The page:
Should Strikeforce Buy Bellator?
How Would It Benefit Both Promotions?
As I'm sure you have read, Strikeforce founder and CEO Scott Coker and Bellator Fighting Championships co-founder and CEO Bjorn Rebney are currently engaged in war of words brought on by the recent rumors concerning potential "super-fights" between the rival companies.
For some time now, Rebney has urged Coker to consider booking the co-promotional bouts. The Bellator CEO brought the idea to the attention of the general MMA public on October 28 following the conclusion of Bellator 34 claiming he had been in contact with Coker since October 21 relating to the possibility of a fight between his company's Lightweight Champion Eddie Alvarez and Strikeforce Lightweight Champion Gilbert Melendez.
While Rebney said he had sent Coker "a dozen different text messages and voicemail messages", the Strikeforce founder denied the claims telling Sherdog the following day, "Bjorn’s saying he’s texting me 11, 12 times an hour. I’m not sure if he’s trying to be a level-five clinger or anything like that, but I haven’t received one text from the guy. I’m not sure what the motivation is, but maybe it’s just his way of staying in the media, staying in the press.”
Around the same time it also became clear that Bjorn Rebney and Bellator officials were interested in two other potential cross-promotional contests- one between respective Middleweight Champions Ronaldo Souza (Strikeforce) and Hector Lombard (Bellator) and the other featuring the companies' Welterweight Champions Nick Diaz (Strikeforce) and Ben Askren (Bellator.)
Coker's response remained consistent, telling Inside MMA, "It's something that Bjorn has chosen to take up publicly and come after us. Really, if he wants to put something together, he should call me direct." While it may seem that Bellator is the only interested party, Scott Coker wanted to make his position clear in his interview with Inside MMA. Saying, despite his dissatisfaction with the callouts, "You know what, we're not opposed to the fight, but the circumstances and the timing have to be right."
The concept of co-promoting isn't new to the Strikeforce founder, who opened up his company as a kickboxing promotion in 1985. In the past, the company has sanctioned collaborative bouts or made business arrangements with Dream, M-1 Global, and the now-extinct EliteXC. However, Coker, who obviously believes his promotion is superior and is the UFC’s strongest competition, does not appreciate the pressure currently being levied by Bellator.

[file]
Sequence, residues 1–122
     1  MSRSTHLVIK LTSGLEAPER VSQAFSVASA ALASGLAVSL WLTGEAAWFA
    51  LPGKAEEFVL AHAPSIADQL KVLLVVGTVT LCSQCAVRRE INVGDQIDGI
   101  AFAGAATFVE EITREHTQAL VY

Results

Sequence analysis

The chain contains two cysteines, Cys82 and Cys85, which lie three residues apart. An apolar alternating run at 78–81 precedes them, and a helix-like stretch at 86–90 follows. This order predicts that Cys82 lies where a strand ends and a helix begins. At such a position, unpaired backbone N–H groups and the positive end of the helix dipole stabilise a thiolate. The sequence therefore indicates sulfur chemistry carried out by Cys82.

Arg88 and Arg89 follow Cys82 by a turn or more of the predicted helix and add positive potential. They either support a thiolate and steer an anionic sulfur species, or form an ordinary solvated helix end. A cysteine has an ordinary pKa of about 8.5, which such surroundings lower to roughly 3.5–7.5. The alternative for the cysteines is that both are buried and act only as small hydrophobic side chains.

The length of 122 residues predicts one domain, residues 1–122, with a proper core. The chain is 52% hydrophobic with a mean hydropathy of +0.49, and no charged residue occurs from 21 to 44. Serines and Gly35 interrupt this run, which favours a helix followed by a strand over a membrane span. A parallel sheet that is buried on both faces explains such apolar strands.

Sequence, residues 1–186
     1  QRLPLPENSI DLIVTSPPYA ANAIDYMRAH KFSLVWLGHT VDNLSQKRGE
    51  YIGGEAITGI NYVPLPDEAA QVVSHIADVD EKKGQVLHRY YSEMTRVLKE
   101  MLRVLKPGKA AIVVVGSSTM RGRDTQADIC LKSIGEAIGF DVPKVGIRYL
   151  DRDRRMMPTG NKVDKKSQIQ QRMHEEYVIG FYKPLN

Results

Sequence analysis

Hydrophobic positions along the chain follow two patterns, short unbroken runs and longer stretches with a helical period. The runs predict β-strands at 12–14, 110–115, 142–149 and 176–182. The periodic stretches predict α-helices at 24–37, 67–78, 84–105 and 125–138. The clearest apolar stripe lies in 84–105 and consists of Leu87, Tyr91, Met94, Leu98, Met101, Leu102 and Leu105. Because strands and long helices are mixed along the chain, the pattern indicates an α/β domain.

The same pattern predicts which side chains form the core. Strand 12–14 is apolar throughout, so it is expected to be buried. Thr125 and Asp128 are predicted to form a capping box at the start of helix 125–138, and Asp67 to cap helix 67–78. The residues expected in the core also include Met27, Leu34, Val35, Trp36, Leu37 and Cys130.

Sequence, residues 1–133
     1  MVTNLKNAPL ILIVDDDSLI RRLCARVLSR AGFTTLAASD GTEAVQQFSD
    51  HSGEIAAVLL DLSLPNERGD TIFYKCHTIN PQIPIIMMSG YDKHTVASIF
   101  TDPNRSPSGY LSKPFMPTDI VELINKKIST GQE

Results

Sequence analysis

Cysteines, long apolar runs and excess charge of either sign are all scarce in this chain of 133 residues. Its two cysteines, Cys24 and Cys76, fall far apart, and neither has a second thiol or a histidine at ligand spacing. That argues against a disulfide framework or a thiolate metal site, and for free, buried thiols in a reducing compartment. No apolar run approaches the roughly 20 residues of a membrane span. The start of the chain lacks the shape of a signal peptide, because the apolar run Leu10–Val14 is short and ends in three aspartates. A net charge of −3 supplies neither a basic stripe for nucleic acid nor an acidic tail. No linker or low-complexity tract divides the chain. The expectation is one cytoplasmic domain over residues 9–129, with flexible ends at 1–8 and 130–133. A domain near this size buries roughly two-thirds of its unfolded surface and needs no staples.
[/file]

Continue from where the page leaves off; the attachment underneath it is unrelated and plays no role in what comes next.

While Bellator's roster is stacked with young, prodigal talents like Alvarez, Askren, Lombard, and Heavyweight Champion Cole Konrad, I believe any decision will ultimately be dictated by Strikeforce, who has invariably more well-known names such as Diaz, Souza, Heavyweight Champion Alistair Overeem, MMA legend Fedor Emelianenko, Dan Henderson, Fabricio Werdum, Renato Sobral, Jason "Mayhem" Miller, and Shinya Aoki.
So now that the survival of the proposal of Bellator Vs. Strikeforce "super-fights" is in the latter's hands, what is the right decision for Scott Coker and his brand?
I would go as far to say there is some truth in Coker's response relating to Bellator's motivation. As the Strikeforce decision-maker mentioned in calling Bellator a potential "level-five clinger", these fights would ensure Bellator major television exposure.
In his Inside MMA interview, Coker said of his rival's matchmaking, "There's a lot of business issues that people would not normally think about. I don't blame [Rebney] because who is Eddie [Alvarez] going to fight in Bellator now? Eddie beat Roger Huerta, and if you look at their roster, I'm not sure who he fights." As hinted at in the preceding statement, Bellator's stock of proven fighters and quality title challengers is becoming increasingly thin.
Other than generating interest from MMA insiders and more involved fans and a possible minor bump in revenue, any positive effect on Strikeforce remains unseen. Obviously, the proposed "super-fights" would benefit Bellator Fighting Championships greater than Strikeforce.
Despite the interest this story has garnered and possibilities that would emerge, this is not an agreement Scott Coker should be compelled to make. I believe an alternative exists for his California-based promotion.
If financially possible, Coker should not rule out a purchase of Bellator Fighting Championships. Not only would this positively impact Strikeforce but also the young Chicago-based promotion Bellator.